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What is the best sleeping position? 


Most people spend a third of their lives either asleep or resting, according to the Sleep Foundation. During sleep, the body recharges and repairs itself. And a good night’s sleep often can be determined by what position you are lying in bed. Back-sleepers beware. “I know many people find it to be comfortable because they’re not putting weight on their joints,” says Dr. Lois Krahn, a Mayo Clinic sleep specialist. 

But Mayo Clinic experts say sleeping on your back is actually the worst sleeping position, especially if you have sleep apnea because the tongue and jaw can fall down and crowd the airway. Sleeping on your stomach helps keep the airway open, but it can put a strain on your spine and neck. “There’s a host of evidence overall suggesting that probably sleeping on the side is better,” says Dr. Virend Somers, a cardiologist, and director of the sleep facility within Mayo Clinic’s Center for Clinical and Translational Science. Side sleeping helps prevent the airway from collapsing and can reduce snoring.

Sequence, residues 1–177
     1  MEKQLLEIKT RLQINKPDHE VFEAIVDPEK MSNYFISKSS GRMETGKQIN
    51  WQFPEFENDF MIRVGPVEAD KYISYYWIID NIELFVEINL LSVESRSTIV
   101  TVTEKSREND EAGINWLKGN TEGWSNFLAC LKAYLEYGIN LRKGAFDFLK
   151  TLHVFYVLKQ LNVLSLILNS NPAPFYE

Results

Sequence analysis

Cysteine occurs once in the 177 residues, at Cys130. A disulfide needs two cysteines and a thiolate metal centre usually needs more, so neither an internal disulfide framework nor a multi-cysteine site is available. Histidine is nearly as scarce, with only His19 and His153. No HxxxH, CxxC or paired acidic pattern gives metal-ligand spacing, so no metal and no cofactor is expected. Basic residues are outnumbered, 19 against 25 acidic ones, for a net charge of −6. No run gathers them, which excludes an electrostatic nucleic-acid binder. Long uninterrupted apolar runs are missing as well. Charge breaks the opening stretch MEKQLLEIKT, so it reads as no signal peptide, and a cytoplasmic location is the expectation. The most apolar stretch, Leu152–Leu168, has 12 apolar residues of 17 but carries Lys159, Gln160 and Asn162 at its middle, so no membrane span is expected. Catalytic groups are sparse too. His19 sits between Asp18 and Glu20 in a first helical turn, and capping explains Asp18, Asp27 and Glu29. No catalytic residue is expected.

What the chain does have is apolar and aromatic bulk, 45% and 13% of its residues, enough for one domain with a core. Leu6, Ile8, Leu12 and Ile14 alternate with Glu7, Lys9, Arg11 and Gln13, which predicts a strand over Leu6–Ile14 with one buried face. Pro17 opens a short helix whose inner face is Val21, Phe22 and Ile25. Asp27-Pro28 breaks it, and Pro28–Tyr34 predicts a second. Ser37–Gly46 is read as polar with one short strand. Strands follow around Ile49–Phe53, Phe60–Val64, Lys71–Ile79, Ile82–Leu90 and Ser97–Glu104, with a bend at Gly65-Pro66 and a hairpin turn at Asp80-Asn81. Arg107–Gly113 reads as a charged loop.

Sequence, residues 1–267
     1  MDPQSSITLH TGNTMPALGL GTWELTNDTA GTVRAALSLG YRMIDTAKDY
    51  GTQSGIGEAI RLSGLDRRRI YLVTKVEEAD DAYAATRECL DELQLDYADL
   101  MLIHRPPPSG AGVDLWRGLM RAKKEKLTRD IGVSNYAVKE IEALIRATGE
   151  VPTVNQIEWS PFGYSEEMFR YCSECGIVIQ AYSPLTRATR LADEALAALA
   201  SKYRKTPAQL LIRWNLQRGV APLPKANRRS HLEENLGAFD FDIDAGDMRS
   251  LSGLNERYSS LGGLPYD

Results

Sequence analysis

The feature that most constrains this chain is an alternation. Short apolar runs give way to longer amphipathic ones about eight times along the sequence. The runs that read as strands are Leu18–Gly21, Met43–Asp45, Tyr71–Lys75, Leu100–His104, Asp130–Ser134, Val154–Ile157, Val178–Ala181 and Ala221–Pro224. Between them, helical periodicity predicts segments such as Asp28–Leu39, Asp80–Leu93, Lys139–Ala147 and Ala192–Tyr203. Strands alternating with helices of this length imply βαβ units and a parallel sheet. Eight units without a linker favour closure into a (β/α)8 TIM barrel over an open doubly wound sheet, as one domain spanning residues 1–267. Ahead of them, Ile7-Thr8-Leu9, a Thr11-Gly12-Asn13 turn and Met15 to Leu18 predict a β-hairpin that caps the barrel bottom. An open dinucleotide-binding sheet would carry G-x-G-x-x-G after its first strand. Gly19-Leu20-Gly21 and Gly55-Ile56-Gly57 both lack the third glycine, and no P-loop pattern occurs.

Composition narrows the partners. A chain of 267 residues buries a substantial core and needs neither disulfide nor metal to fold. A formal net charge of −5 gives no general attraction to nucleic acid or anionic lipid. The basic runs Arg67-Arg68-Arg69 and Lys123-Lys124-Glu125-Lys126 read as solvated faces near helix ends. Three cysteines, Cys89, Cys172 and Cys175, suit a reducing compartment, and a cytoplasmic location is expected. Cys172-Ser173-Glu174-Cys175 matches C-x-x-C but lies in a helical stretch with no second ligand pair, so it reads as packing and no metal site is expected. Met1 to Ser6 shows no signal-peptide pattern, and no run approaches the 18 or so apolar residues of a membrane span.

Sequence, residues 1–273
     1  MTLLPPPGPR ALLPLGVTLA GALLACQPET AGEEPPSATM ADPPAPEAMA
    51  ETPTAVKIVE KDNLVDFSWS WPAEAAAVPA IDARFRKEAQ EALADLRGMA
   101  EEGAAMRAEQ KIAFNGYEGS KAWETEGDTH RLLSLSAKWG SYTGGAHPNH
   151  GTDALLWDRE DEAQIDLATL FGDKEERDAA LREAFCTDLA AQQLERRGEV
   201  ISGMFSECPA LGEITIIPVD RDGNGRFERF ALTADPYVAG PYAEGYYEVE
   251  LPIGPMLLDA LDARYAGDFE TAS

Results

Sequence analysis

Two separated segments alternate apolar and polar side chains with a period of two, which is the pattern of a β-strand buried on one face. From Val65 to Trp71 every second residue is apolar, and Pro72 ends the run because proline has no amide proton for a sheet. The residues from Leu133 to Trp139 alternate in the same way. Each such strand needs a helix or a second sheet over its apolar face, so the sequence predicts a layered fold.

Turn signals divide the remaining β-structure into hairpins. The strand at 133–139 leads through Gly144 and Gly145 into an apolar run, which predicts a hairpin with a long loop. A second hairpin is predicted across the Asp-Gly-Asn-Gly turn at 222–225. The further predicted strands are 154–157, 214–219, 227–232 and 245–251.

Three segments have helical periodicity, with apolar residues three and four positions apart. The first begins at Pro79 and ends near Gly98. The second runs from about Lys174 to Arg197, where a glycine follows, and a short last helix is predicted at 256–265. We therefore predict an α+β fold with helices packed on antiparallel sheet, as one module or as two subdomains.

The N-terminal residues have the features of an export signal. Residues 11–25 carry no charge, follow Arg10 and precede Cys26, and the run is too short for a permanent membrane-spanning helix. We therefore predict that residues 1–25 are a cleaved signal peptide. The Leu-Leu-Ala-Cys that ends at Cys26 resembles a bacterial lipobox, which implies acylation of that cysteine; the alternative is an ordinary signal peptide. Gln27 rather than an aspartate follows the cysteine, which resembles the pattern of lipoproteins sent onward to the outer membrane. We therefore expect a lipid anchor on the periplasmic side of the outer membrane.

Mayo Clinic News Network


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